Peter Atwater: 00:12:59 [Speaker Changed] Yeah. So I, I look at it very qualitatively because mood is a feeling. And so the qualitative pieces matter more than the data. To us data, we always have to interpret data. And so our feelings determine how we interpret, you know, 65 degrees can feel both warm and cool. But what I try to do is to look at the stories. And stories are a great indicator of how we feel because our imagination of the future, the stories we tell perfectly mirror how we feel. Confidence is forward looking. And so my imagination of what’s coming is going to be a reflection on my, my mood right now. And the media does a great job of letting me know what those stories are. Twitter and social media does a spectacular job. So does Google. I mean, Google searches. I, I’m a big user of Google Trends. It helps me to see what’s the crowd interested, what are the stories we tell and, and the word choices. So, so recently, I see the word relentless being applied to the rise in interest rates as we’re, you know, coming to an end of the third quarter of 2023. Well, relentless is a word that doesn’t show up right. In stories until it’s beginning to feel like something significant is about to happen.
Barry Ritholtz: 00:14:20 [Speaker Changed] Right. And, and if we’re gonna be objective and put some numbers on it, as much as we all would prefer lower rates, we’ve had 18, 19 months of rising rates. And rates are now back to where they’ve averaged over the past 50 years. Yeah. So if you’re being bloodless about it, hey, rates have returned to normal fairly quickly. Yeah. And yet it doesn’t feel that way.
Peter Atwater: 00:14:45 [Speaker Changed] But I can also look at the behavior of bond investors and look at the stampede that took place two years ago into negative yielding bonds and the stories that went along that, and the confidence that investors had, and
Barry Ritholtz: 00:15:02 [Speaker Changed] Meaning at the very peak of the bond bull market just before the reversal took place. Yeah,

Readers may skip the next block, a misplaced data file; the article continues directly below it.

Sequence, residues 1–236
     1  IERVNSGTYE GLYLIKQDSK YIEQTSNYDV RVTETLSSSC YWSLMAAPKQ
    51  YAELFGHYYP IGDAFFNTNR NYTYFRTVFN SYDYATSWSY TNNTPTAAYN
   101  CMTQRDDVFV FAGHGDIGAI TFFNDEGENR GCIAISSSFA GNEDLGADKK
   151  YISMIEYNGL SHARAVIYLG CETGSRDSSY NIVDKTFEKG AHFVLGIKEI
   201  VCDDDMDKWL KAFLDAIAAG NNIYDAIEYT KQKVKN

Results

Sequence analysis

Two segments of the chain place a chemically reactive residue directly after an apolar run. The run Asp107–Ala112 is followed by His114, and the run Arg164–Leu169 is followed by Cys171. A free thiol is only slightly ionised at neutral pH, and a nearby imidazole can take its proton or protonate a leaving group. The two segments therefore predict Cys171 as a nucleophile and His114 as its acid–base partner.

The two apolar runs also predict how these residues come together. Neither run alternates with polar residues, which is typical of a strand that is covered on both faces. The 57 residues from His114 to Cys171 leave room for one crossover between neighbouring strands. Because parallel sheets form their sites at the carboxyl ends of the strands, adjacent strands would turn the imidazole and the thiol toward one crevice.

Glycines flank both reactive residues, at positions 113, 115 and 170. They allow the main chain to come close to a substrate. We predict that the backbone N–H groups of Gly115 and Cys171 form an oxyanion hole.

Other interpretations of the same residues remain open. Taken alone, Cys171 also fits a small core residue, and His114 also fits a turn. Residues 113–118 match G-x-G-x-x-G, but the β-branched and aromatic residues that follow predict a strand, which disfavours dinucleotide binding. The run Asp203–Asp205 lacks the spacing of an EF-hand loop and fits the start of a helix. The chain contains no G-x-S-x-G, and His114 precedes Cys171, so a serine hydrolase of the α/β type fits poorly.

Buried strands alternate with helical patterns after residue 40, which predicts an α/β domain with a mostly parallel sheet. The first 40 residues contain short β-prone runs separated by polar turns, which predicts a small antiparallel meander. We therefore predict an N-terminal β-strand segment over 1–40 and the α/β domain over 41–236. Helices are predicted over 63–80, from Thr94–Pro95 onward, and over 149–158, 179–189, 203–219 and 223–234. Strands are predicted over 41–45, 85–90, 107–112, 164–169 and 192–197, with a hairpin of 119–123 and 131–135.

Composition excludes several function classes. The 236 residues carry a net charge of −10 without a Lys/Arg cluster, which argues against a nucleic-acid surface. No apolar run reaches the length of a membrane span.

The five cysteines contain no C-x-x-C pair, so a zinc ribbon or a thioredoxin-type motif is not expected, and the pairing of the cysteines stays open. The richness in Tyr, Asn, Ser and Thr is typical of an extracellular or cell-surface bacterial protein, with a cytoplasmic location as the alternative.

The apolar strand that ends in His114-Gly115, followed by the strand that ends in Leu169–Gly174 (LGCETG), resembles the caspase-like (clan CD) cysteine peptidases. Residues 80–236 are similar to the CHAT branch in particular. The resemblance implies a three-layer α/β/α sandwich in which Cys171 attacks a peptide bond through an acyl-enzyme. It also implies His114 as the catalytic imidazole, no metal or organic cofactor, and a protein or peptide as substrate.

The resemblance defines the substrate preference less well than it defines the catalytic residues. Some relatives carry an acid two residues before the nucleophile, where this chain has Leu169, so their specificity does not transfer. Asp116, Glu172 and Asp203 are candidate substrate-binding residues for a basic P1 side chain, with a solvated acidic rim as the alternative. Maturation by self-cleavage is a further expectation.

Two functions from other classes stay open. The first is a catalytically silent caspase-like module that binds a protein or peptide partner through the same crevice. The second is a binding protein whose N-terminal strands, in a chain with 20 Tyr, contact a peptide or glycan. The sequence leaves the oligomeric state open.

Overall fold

Peter Atwater: 00:15:07 [Speaker Changed] Yeah. I mean, you could, you could see this sense of permanence and power that, that, you know, nothing was going to be able to raise interest rates at that point. And so you had a story that perfectly aligned with negative interest, negative yielding interest rates that was overlooked because of the, the excitement that was happening in the markets and bond prices at record highs.
00:15:34 [Speaker Changed] So, so how do you tease out of these broad events in society, what, what the underlying nugget of important signal is? I I, you had a tweet that correct me up. I i I wanna share when confidence is low, cars are round. Yeah. So I started to think about that. And you have some of these ugly old citrons and the cute VW beetle and then later on the pacer. Yeah. There have been some pretty round and not necessarily beautiful cars over the years. What’s the correlation? So
00:16:12 [Speaker Changed] I, I have to give credit to Mark Chesky, who works with Bob Pretor in on So novice ’cause ’cause Mark did this fabulous study that shows that cars are soft, they’re round. Huh? Their colors are bland. Even the, the woody, you know, if you think about Sure. That, that’s another low confidence indicator. And then you, you go to the other extreme and you have Chrome, right? Very angular
00:16:41 [Speaker Changed] Jaguar E type, just long, beautiful,
00:16:45 [Speaker Changed] Wide, you know, big engines. You know, you look at the Hummer, that was a classic, you know, that would be an indicator of, of huge sentiment. Huh.
00:16:56 [Speaker Changed] Really interesting. You know what,
00:16:57 [Speaker Changed] The Mayback is one of my favorite indicators because it, it sort of comes and goes at these extraordinary moments in history.
00:17:06 [Speaker Changed] Is is that how you think about cars like the Hummer or the Maybach as just votes of confidence to, as to the near future? Yeah.
00:17:15 [Speaker Changed] You know, you, the, the Fatton from Volkswagen, again, I
00:17:18 [Speaker Changed] Recall that
00:17:19 [Speaker Changed] Terribly timed
00:17:20 [Speaker Changed] V 12 big long seven series competitor. Yeah. We,